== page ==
Greenspace, film May 3, 2012 By Jordan Sayle

California Sprinkler/ATO Pictures

California Sprinkler/ATO Pictures

If you’re in a big city, chances are you’re just fine with your tap water. If your water tastes funny in New York, it’s probably your pipes. But if you’re on well water, like 40 million Americans are, your water might not be tested at all, so the burden is really on the user, and a lot of people don’t know that. The other thing is we produce over 80,000 chemicals that we use in this country, and only five are regulated by the Toxic Substances Act.

In so many of the scenes, we see that no one is able to fix the problems they encounter. Why is it so hard?

It’s hard not only to hold polluters accountable but to show the link to the pollution. Water moves, it’s underground. The chemicals can stay in the environment for centuries, so to try to pinpoint that moving amorphous evidence to one act and one company or one industry or one person, it makes the idea of protecting ourselves from that pollution a lot more complicated.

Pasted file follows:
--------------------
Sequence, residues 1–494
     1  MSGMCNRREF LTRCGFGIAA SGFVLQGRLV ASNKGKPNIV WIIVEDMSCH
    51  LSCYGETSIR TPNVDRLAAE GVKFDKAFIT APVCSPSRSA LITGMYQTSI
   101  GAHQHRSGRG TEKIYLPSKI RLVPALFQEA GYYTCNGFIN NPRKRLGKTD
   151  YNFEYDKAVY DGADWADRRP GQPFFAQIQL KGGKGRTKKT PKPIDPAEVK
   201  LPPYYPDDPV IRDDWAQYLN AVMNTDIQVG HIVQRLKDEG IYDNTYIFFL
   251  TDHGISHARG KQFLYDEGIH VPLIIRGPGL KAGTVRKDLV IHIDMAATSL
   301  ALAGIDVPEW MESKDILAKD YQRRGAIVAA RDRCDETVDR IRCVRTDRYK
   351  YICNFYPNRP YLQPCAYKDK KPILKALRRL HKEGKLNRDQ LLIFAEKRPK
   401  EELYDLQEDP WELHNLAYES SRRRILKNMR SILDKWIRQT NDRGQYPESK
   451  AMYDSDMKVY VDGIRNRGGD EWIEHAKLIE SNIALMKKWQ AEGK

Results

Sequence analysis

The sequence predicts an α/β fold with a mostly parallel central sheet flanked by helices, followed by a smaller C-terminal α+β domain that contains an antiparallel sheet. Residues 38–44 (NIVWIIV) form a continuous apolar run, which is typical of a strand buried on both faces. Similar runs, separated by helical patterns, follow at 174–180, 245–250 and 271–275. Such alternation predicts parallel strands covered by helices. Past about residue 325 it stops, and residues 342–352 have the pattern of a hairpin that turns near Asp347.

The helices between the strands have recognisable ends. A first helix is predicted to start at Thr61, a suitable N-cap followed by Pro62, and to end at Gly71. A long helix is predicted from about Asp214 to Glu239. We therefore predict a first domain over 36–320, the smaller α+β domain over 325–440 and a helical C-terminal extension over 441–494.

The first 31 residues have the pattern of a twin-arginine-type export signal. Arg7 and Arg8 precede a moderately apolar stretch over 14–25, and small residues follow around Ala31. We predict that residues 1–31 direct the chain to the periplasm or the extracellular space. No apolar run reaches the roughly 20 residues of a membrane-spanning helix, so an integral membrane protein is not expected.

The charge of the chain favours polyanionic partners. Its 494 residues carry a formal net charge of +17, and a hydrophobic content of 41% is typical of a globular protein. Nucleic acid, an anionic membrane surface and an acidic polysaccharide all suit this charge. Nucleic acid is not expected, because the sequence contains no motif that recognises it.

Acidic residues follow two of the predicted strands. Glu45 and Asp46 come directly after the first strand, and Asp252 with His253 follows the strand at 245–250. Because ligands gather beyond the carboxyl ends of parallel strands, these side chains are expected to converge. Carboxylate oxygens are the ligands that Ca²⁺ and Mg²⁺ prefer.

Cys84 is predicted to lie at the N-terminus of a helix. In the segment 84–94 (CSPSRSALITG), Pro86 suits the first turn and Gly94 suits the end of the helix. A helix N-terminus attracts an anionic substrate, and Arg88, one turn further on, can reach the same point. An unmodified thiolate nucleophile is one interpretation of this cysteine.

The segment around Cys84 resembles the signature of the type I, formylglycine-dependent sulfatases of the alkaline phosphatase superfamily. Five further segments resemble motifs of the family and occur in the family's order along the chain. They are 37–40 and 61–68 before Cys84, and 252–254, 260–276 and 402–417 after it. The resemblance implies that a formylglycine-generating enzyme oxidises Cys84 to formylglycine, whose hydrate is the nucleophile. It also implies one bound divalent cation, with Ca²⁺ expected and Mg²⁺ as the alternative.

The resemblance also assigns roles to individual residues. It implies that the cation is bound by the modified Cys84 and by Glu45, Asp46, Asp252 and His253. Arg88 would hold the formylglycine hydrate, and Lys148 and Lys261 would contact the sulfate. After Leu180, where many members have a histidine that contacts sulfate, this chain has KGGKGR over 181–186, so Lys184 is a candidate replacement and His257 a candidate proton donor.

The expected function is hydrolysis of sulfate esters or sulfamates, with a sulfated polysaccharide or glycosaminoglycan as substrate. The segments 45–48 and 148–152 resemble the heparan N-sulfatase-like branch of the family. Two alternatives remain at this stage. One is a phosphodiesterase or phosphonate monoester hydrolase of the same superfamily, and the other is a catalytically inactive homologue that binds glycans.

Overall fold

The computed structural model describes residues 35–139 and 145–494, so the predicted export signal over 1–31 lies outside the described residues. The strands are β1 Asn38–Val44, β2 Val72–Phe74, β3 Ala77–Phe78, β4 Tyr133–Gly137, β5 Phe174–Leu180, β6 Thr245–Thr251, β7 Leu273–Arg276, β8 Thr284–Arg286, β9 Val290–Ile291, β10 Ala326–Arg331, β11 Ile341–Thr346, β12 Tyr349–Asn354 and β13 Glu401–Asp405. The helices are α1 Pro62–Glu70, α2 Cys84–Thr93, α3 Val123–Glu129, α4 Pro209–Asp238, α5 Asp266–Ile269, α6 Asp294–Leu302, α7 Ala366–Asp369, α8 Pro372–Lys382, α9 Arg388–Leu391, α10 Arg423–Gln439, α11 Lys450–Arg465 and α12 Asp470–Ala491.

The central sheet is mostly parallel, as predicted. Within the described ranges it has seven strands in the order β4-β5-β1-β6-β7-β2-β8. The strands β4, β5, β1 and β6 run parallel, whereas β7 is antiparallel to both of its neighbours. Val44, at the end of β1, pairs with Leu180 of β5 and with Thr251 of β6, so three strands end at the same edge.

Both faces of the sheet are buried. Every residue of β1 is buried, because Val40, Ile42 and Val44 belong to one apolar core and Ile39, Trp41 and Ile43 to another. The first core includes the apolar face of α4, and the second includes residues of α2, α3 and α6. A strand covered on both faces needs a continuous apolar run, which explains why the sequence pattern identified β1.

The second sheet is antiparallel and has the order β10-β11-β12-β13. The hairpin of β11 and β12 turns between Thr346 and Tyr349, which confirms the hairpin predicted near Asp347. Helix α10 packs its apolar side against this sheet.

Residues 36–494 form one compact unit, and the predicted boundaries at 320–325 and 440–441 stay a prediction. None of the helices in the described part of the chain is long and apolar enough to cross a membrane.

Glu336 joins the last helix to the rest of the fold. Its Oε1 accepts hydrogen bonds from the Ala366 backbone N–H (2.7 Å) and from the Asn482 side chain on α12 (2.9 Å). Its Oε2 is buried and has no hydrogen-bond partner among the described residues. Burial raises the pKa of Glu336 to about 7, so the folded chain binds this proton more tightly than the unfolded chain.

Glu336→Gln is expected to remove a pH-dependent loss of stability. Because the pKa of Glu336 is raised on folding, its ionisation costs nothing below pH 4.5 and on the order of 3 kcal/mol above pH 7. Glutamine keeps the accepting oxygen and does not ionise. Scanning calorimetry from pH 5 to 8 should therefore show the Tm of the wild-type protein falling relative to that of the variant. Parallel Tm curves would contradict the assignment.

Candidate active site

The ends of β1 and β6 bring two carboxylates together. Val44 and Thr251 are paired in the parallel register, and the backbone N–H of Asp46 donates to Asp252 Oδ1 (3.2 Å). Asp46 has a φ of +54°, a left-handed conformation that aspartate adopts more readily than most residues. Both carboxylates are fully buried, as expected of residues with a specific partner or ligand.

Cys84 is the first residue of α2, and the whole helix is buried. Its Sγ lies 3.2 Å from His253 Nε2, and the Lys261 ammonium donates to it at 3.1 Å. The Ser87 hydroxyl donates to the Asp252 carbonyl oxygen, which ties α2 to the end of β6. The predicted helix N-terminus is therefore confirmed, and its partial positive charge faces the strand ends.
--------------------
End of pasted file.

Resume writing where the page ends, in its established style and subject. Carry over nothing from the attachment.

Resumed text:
At one point in the film, Erin Brockovich says, “We can’t survive on Diet Coke.” Of course, the makers of Coca-Cola themselves depend on a supply of municipal water. So let’s talk about the other solutions, something like Porcelain Springs, the brand of filtered sewage water that you have people try out.

The recycled water experiment in the film served a two-fold purpose. One was to explore the idea. Recycled water could be a real substantial portion of what municipalities use. It is a strong solution and one that I hope will continue to be adopted in the face of some public fear and resistance.

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